i sat studying the faces of the Suubi mums last Friday. some of them i've been able to become friends with, but there are sooo many stories i yet want to hear. most of these women have experienced unthinkable rejection and grief... the neglected daughter of a second-wife, the war-widow, the AIDS widow... the vulnerable woman who needed Watoto as much as Watoto needed her. and now she is here raising 8 children 24/7 as a single-mom, cooking over charcoal, washing laundry by hand, the most significant person that God will use to shape these rescued ones in her home. it was powerfully humbling for me to stand up then and affirm them. i just had to tell them that i loved them, even if i hadn't yet met them, and that they are doing an amazing job - that they are my heroes. i think my face was shaded red while i spoke to them, not from embarrassment, but from an unexpected fervency for them to feel loved and valued. i so wished i could cup each one of their faces and tell her she is a beautiful and important daughter of God!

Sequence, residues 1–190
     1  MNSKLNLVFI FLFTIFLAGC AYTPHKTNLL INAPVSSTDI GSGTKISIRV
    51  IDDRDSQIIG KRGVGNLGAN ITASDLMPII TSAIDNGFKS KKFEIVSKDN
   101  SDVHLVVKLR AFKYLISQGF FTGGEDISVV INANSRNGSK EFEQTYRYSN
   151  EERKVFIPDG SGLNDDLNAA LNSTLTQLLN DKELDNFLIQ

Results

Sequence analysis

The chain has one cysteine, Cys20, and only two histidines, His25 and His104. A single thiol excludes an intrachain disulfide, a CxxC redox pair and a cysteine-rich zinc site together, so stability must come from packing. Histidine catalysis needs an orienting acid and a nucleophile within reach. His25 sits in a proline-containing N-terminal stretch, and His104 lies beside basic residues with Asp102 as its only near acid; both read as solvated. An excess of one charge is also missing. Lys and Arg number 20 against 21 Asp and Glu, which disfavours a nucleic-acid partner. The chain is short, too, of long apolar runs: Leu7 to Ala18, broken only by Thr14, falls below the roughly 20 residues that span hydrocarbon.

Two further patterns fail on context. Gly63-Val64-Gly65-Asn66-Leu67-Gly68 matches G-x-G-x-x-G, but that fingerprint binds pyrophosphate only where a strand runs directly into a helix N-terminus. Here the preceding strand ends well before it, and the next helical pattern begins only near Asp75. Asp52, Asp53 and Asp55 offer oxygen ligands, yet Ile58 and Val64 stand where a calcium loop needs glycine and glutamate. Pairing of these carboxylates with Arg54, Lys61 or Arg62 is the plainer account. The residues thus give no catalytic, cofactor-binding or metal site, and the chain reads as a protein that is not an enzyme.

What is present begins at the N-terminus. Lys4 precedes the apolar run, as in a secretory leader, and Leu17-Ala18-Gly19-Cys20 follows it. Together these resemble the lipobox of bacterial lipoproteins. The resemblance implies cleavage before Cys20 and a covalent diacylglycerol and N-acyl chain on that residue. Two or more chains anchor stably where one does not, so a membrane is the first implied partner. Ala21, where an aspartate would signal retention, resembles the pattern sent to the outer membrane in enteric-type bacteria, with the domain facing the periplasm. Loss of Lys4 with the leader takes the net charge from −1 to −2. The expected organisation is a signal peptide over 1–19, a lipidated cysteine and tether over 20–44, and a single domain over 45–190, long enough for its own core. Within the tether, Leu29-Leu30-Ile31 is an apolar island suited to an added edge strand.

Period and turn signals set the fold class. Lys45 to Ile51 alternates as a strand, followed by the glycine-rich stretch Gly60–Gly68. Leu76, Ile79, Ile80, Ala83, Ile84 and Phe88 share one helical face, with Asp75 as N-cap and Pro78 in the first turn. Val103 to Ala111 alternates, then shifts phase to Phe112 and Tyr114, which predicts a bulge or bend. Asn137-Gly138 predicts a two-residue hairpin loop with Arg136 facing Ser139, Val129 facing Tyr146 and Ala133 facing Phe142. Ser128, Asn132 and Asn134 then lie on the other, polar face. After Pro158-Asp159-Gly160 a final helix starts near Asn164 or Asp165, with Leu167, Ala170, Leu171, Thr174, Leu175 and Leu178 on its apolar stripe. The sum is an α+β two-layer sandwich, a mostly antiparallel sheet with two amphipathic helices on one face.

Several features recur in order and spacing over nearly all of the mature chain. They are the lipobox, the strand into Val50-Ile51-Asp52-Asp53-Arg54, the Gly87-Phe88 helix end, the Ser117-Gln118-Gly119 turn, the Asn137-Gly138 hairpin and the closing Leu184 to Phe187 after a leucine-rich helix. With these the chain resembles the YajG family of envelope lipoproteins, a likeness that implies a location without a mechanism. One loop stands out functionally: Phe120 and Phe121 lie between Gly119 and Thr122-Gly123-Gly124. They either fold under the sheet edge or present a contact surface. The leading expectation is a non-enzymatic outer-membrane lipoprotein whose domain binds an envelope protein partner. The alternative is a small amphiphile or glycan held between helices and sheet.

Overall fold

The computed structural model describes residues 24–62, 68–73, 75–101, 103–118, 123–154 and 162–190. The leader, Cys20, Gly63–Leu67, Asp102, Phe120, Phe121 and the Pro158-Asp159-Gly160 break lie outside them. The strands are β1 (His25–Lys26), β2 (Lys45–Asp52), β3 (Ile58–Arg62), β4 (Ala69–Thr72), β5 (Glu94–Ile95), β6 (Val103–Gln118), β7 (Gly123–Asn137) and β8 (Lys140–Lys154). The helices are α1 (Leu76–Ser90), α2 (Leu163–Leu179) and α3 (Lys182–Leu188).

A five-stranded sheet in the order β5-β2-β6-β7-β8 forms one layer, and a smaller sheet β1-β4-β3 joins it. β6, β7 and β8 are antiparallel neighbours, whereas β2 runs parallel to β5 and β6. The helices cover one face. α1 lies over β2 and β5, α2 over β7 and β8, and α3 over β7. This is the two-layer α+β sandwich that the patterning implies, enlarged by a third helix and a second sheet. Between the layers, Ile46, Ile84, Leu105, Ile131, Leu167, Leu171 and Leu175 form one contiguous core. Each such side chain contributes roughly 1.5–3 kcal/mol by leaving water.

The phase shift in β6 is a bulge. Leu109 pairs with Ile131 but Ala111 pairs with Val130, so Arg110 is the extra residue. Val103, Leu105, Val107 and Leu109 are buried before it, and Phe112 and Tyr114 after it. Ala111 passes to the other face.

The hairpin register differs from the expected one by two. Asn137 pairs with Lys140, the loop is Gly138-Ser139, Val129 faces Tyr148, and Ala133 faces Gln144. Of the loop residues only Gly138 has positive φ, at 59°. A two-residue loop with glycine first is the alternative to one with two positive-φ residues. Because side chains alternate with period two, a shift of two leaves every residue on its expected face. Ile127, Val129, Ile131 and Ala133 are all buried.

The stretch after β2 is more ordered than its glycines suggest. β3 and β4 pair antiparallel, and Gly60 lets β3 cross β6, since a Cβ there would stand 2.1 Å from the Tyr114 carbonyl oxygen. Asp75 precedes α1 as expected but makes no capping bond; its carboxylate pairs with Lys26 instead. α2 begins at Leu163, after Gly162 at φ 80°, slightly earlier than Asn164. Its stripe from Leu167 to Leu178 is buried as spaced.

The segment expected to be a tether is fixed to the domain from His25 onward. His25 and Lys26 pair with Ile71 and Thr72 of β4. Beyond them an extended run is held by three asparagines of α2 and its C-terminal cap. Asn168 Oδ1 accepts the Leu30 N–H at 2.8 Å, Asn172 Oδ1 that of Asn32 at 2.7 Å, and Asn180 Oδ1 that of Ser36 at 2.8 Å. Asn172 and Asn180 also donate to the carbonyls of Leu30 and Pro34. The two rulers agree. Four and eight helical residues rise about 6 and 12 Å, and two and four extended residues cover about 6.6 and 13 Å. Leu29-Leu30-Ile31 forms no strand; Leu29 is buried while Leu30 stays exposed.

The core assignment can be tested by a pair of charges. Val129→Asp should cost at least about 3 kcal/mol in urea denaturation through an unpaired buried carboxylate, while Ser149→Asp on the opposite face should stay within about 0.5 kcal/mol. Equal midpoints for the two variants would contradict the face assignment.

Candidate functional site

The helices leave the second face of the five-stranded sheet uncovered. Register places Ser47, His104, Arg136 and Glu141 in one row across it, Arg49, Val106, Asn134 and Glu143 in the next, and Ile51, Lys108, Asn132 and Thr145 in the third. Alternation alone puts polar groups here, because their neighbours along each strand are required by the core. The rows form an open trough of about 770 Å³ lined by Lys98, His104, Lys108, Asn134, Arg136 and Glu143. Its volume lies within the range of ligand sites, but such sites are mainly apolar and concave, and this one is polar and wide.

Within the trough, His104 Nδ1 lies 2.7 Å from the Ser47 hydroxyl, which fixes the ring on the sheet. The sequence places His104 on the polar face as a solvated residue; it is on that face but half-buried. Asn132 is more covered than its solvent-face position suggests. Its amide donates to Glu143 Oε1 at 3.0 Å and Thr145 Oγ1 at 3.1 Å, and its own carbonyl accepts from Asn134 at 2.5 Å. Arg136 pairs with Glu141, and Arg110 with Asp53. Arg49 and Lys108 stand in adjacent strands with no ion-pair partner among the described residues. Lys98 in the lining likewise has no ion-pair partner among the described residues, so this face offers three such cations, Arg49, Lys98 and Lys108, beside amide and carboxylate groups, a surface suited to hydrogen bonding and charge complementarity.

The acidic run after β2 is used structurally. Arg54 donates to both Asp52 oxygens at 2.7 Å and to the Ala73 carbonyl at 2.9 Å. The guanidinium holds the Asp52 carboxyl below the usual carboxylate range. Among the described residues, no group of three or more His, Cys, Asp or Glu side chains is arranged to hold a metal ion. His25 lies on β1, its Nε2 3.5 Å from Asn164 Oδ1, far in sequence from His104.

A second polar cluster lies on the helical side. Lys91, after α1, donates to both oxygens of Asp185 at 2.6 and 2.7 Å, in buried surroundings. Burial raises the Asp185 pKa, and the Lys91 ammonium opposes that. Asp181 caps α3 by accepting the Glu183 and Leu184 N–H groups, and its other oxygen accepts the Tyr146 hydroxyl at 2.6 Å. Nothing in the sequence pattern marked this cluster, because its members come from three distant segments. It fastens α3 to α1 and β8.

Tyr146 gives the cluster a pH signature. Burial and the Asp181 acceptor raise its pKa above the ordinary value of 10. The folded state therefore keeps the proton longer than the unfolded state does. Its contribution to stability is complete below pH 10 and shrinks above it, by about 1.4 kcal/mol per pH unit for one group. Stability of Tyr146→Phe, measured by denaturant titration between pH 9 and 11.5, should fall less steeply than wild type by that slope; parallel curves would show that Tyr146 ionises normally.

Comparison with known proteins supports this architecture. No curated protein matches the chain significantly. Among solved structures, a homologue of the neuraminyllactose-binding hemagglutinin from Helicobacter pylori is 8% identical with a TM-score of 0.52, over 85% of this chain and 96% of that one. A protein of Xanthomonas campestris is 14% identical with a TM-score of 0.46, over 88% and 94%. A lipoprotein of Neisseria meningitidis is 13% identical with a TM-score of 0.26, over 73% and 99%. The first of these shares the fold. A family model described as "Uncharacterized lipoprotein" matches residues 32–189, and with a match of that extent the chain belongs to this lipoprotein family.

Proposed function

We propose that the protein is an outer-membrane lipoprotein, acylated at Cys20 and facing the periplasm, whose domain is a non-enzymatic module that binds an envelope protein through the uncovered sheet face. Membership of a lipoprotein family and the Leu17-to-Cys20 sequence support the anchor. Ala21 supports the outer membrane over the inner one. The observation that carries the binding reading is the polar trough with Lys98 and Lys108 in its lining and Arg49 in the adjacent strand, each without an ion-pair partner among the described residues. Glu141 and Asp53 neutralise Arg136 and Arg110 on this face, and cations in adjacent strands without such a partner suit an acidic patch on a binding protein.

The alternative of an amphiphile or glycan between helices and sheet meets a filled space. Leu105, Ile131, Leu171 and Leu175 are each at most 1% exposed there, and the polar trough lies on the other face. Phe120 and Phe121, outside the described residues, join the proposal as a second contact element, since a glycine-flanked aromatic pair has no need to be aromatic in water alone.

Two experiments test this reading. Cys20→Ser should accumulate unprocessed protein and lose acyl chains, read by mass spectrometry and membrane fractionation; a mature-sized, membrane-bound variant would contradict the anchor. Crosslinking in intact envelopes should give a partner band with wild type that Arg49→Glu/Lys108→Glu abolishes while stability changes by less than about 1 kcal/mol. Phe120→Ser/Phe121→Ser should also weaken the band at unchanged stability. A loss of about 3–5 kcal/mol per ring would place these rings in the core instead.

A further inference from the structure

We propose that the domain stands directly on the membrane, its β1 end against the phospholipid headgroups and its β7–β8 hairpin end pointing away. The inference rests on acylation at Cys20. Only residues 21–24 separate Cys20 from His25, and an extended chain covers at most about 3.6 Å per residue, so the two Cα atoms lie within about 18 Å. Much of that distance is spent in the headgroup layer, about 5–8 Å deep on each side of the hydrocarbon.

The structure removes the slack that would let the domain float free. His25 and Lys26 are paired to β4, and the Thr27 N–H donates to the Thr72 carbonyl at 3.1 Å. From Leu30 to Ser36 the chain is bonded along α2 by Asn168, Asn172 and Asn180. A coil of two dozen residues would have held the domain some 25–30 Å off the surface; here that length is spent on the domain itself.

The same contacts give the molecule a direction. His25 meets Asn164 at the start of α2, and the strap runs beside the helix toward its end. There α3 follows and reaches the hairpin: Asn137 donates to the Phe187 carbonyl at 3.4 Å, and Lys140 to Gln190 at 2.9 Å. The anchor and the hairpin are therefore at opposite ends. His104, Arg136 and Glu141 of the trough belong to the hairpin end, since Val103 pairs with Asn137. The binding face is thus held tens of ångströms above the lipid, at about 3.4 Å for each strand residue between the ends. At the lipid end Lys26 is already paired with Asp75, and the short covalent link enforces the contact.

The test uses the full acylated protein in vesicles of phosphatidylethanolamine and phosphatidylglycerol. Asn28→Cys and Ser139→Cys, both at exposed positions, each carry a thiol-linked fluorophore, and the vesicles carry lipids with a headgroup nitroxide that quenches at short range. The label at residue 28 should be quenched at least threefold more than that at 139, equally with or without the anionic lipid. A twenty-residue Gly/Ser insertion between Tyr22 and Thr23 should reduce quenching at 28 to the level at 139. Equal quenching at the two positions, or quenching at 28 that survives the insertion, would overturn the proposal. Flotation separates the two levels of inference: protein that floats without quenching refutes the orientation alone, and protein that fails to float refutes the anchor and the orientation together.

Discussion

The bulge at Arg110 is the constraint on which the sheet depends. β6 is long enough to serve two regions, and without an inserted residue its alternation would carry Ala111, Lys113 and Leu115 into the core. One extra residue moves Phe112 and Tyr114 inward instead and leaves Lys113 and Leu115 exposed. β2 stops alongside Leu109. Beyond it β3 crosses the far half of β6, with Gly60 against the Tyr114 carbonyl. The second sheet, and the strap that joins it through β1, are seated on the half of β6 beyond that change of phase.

anyway, the mums were beyond grateful for the Bibles. when we bought them, we had the children in mind, but soon realized that the mums were just as interested in reading them for themselves. for many of them, it is the first time they can read the Bible in such simple English. in fact, Mama Victoria met me outside before church Sunday, pulled her Bible out of her bag, and said, "i have already completed it! i loved it!"
we can't wait to make plans soon to travel up north-country to Watoto's Laminadera Village in Gulu and do the same distribution there. and i can't wait to find ways to befriend, honor, and learn from these sweet mama's here. they are heros, indeed!
here's a few pics from our time with the mums at Bbira...